The authors remain convinced that process of fixation and replacement is accomplished in a similar manner in autogenous and homogenous bone grafts, but we are not at all sure that the differences in time of union and the number of failures can be explained entirely on the basis of tissue specificity. There is reason to believe that some of the cells of an autogenous graft are capable of survival and of instigating this process and thus accelerating it when host capillaries reach the graft. This could account both for the more rapid union of the autogenous graft as compared with homogenous graft and for the greater number of successes with autogenous grafts. Merthiolate-preserved bone does not compare favorably with autogenous bone grafts in that the process of fixation and replacement is definitely retarded, requiring prolonged protection with a higher percentage of failures (30.24 per cent. in this series).

The merthiolate bone bank is a very satisfactory method of preserving bone. We have no evidence of sensitivity to the merthiolate or excess tissue reaction to merthiolate preserved bone. The method is certainly easier and more economical of bone than the frozen bone back.

A homogenous bone graft which is adequately placed in a good bed and protected for a sufficiently long time may be expected to unite. Many of the failures listed above should not be ascribed to the bone bank or to homogenous bone grafts but to poor surgery. Still others can be attributed to the injudicious use of bone grafts; in these cases failure would probably have occurred irrespective of whether a homogenous or an autogenous graft was used. However, we have modified our original expectations of preserved homogenous bone graft and now feel that these grafts should be considered as useful aids in orthopaedic surgery rather than as universal substitutes for autogenous bone. Obliteration of cavities in bone created by sequestrectomy and saucerization for osteomyelitis, or local excision of benign tumors by homogenous bone from the bank, has given good results. Where the defect is large, bank bone is preferable to autogenous bone because of the great amount required. Homogenous peg or inlay grafts have Proved satisfactory in the treatment of minor non-unions. Likewise, bank bone has been very useful for internal splinting in arthrodesis and for treating certain fresh fractures. However, homogenous bone grafts should never be used in the treatment of major non-unions if there is any possibility of using an autogenous graft. It is our feeling that the use of bank bone should be reserved for those circumstances in which it is not feasible or advisable to use autogenous bone. These are:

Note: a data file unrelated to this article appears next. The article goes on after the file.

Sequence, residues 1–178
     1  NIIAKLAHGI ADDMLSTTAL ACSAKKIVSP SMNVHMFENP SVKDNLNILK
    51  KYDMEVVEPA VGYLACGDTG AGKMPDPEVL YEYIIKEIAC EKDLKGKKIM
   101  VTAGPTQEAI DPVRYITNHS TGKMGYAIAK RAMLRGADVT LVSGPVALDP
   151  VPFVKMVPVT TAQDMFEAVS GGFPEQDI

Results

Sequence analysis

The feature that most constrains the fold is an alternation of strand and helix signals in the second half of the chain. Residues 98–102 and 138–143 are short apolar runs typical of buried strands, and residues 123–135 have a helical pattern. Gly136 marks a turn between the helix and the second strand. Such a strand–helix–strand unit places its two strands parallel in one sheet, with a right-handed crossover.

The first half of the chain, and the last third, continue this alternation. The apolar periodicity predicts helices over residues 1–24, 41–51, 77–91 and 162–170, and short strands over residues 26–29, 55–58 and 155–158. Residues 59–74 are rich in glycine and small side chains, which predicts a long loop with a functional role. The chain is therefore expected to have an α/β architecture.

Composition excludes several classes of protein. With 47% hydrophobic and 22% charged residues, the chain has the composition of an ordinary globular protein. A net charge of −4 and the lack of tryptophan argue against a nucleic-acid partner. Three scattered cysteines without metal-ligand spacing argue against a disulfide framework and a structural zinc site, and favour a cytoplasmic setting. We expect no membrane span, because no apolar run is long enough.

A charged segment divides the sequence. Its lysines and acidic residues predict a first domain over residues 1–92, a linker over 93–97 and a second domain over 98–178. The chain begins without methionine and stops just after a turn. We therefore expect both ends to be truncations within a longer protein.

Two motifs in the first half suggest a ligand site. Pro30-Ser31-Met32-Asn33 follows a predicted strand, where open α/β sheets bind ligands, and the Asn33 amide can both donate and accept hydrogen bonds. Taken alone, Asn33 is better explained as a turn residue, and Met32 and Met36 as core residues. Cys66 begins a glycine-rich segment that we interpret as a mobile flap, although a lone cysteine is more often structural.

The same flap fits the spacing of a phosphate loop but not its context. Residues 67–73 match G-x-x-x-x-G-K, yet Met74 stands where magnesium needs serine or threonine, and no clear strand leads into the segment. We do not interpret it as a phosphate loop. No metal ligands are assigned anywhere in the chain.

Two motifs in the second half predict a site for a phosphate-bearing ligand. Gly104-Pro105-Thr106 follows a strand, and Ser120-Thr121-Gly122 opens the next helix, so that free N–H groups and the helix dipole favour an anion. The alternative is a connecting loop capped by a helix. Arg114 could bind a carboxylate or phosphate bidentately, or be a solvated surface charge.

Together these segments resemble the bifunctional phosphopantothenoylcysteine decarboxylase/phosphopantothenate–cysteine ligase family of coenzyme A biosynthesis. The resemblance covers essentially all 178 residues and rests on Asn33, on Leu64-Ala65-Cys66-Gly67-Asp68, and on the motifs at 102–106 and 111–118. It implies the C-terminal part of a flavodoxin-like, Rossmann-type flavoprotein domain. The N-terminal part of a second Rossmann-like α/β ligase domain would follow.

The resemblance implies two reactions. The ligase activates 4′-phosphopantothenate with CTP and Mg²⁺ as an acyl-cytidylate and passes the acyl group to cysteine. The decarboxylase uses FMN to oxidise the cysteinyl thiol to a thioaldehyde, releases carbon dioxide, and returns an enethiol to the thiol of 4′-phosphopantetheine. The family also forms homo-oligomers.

1. When the available supply of autogenous bone does not fulfill the particular requirements;

2. When the taking of an autogenous bone graft will materially increase the hazard of the operative procedure:

3. In any condition where there is a chance that the graft will be lost because of infection;

4. During the course of an operation when it is decided that a bone graft would be useful and when no previous Plans for taking a graft had been made;

5. In those cases where the bank bone is used as an internal splint when the condition would not justify the taking of an autogenous graft.